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Macroinvertebrate response to stream restoration by large wood addition

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We examined the aquatic macroinvertebrate community response to habitat rehabilitation activities in an incised, sand-bed stream. Seventy-two large wood (LW) structures were placed along 2 km of Little Topashaw Creek (37 km2 watershed) in north-central Mississippi, USA. Macroinvertebrate collections were made from bed sediments, LW, leaf packs and qualitative multi-habitat sampling during 2 years prior to and 2 years following LW addition. Addition of LW tripled the availability of wood substrate but had no measurable effect on macroinvertebrate abundance or family richness. Ordination analyses revealed subtle differences in community composition between treated and untreated conditions, but these were related to antecedent discharge (occurrence of high flows during the preceding 6 months) and bed sediment composition rather than the availability of LW. Restoration of incising, sand-bed streams must include measures that address perturbed hydrology and degraded water quality as well as instream treatments.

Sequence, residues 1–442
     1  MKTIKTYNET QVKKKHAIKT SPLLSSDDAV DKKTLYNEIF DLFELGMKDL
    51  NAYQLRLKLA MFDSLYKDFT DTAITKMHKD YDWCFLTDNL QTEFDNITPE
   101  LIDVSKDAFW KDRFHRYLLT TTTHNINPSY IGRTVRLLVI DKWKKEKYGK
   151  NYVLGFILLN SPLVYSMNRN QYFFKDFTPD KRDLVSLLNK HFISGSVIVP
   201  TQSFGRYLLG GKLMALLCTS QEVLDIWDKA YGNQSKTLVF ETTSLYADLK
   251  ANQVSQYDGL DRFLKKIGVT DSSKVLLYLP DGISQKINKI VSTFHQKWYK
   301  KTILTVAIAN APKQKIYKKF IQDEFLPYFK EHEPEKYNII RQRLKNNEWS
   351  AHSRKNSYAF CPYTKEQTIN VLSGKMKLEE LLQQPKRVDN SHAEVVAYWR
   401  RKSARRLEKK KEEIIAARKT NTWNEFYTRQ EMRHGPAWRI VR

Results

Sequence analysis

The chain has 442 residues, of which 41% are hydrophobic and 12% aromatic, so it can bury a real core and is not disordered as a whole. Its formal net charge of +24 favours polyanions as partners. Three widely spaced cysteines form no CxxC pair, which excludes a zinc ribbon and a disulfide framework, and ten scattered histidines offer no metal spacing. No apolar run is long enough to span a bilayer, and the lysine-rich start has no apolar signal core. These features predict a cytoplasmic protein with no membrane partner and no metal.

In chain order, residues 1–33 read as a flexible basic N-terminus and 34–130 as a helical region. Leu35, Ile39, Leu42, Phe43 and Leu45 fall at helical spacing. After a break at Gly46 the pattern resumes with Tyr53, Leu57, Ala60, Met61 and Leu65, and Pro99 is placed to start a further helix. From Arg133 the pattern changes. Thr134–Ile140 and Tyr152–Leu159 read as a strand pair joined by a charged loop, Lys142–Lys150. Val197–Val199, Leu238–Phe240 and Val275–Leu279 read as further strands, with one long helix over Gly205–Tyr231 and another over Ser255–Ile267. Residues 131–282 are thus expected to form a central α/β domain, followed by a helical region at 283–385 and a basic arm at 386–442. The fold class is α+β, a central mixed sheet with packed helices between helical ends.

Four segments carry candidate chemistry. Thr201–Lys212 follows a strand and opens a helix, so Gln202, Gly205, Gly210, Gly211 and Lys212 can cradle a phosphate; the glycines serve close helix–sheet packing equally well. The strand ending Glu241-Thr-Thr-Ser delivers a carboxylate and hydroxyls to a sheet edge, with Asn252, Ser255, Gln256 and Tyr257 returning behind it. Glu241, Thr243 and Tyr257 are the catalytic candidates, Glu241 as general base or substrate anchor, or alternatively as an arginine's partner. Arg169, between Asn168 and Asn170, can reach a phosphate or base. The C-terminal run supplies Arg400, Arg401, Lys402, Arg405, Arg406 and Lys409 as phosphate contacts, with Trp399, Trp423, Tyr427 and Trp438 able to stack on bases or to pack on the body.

Testa, Sam III , Shields, F. Douglas Jr. , Cooper, Charles M.
aquatic communities , community structure , habitat conservation , habitats , hydrology , leaves , macroinvertebrates , streams , water quality , watersheds , wood , Mississippi
Includes references
Ecohydrology 2011 Sept.-Oct., v. 4, no. 5
Journal Articles, USDA Authors, Peer-Reviewed
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